HackYale to launch open workshops

The roughly 240 students not admitted to this fall’s HackYale lecture course will have the opportunity to attend new workshops HackYale is planning to introduce later this semester.

HackYale, a student group founded last year by Will Gaybrick LAW ’12 and Bay Gross ’13, received roughly 300 applications for its survey lecture course, which provides an introduction to website design and programming. Zack Reneau-Wedeen ’14, HackYale director, said the new workshop series will give students a chance to learn about their interests without making a semester-long commitment, adding that some students’ attendance diminished in courses offered last spring as the semester progressed.

“In the workshops, students can get the same knowledge and reward from HackYale without the time-block commitment all semester,” Reneau-Wedeen said. “[The workshops will be] a lot more flexible, and Yale students who are busy need that flexibility.”

Reneau-Wedeen said he hopes to hold workshops twice per week and cover a range of programming topics, such as how to use Adobe Photoshop and Adobe Illustrator, adding that the first workshop will likely meet before the end of September. Gross said the new workshop series will allow the group to remodel the popular elements of the more specialized seminars last spring.

Several students interviewed, who either decided against applying to the lecture course or were not admitted, said they were interested in attending the workshops. Juliet Liu ‘14 said she doesn’t have time to add an entire course onto this semester’s course load, but as a film studies major with a production concentration, workshops on applications like Adobe Photoshop and Illustrator would be useful for her coursework and future jobs.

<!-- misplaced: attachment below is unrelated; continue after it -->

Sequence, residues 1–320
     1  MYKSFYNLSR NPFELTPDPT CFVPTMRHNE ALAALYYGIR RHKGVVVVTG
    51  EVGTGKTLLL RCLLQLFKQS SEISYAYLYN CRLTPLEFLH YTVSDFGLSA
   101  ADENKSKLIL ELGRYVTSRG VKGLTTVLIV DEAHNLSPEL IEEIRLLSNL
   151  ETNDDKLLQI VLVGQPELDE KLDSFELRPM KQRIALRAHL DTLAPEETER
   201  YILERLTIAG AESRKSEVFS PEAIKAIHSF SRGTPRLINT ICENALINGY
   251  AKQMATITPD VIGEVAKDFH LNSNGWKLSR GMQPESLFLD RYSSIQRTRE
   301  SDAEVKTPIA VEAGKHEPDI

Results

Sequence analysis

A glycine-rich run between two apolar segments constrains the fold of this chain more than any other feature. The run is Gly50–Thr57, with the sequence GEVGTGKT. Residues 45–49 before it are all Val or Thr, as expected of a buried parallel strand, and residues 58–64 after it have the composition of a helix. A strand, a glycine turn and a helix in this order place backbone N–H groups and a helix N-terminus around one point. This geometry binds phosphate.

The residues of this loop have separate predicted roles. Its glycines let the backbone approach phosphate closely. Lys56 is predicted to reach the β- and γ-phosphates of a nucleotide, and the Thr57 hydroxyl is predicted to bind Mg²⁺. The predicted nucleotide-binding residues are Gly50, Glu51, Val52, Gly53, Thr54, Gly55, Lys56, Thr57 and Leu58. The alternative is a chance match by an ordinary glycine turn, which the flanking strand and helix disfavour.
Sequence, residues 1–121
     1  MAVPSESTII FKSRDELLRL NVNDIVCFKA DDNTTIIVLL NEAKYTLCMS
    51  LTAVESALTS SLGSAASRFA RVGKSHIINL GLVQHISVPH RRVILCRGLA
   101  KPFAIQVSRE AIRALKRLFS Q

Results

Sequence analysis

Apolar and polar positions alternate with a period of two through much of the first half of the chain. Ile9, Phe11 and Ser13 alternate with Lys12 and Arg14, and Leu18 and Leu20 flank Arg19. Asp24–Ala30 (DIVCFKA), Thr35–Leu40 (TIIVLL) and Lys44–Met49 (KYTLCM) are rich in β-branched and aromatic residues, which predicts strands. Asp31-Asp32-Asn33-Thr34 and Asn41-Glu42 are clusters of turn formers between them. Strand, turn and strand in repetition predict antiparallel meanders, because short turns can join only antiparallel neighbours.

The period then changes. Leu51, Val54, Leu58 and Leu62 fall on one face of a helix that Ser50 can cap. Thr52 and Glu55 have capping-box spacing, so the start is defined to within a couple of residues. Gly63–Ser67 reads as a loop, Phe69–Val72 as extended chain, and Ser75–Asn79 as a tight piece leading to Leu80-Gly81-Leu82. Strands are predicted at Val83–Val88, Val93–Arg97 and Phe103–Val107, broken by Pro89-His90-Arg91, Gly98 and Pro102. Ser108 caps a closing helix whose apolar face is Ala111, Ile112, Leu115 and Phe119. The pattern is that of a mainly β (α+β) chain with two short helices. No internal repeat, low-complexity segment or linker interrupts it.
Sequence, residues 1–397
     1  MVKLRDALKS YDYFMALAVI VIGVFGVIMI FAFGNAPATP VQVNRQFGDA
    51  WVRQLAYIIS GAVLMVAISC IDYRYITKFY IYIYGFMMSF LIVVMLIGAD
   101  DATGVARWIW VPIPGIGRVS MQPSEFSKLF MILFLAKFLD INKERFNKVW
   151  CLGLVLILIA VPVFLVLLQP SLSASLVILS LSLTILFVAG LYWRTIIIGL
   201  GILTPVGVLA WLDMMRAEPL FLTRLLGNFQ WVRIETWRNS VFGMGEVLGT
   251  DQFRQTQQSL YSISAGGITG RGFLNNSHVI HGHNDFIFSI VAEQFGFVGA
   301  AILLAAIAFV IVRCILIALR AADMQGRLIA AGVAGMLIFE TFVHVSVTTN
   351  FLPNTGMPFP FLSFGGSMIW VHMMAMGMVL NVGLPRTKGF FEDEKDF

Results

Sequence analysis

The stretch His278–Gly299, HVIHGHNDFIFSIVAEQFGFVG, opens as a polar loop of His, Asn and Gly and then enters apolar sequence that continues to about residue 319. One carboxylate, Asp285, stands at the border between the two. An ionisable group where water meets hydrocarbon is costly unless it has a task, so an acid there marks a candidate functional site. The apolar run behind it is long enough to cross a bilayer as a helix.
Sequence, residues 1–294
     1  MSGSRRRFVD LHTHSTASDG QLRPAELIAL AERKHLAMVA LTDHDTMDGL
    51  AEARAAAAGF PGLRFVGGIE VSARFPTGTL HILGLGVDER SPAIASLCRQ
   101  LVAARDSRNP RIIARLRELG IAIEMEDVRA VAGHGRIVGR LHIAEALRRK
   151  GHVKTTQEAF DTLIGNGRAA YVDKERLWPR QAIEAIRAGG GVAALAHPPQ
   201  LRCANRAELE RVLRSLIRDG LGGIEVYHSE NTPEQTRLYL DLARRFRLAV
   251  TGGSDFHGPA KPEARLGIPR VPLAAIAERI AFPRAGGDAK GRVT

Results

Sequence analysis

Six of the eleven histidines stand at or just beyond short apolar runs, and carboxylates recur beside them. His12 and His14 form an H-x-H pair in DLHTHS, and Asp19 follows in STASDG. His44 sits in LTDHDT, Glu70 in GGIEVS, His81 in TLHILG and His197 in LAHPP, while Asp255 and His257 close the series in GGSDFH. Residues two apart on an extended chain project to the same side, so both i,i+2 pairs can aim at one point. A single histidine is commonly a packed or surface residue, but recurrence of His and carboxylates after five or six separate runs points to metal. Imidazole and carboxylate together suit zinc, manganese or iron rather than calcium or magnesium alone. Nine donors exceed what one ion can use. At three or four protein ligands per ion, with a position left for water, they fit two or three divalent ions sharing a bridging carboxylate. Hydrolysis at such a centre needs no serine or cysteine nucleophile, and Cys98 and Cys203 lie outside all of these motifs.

“I would make time for a topical workshop that fits my interests,” Liu said.

Gross said he hopes the workshops will serve as a model for future expansion beyond programming courses to include other “trendy vocational” skills courses that do not fit into the liberal arts curriculum.

“We would want to do courses on things like design, video editing, venture capital, raising money, public speaking, all growing out of the ‘students teaching other students’ model,” Reneau-Wedeen added.

The roughly 300 students who applied for lecture course marked a sharp drop from last fall, when about 600 students applied. Reneau-Wedeen attributed the decline to the fact that over 100 students took HackYale courses last year and that the lecture time was set before applications were due — a departure from last fall. Also, HackYale decided to reduce its advertisement in the Graduate School of Arts and Sciences and the professional schools, in part since the group received an “overwhelming” number of applications from graduate students last year.

For the roughly 60 to 70 students taking the lecture course, HackYale has increased the size of its staff to provide office hours, as the group noticed last year that students could have benefited from more “one-on-one” support outside of the classroom, Reneau-Wedeen said.

The lecture course met in various locations around campus last year, but this fall it will meet regularly at the newly opened Center of Engineering, Innovation and Design (CEID), which provides space and research equipment for engineering students and faculty. Reneau-Wedeen said he is excited to teach “with a web developer down the hall actually coding a website, and an engineer a few floors up designing a new product.”

Applications to the lecture required students to answer multiple choice questions about programming, explain why they wished to apply and then write “something funny.” The course met for the first time Tuesday.

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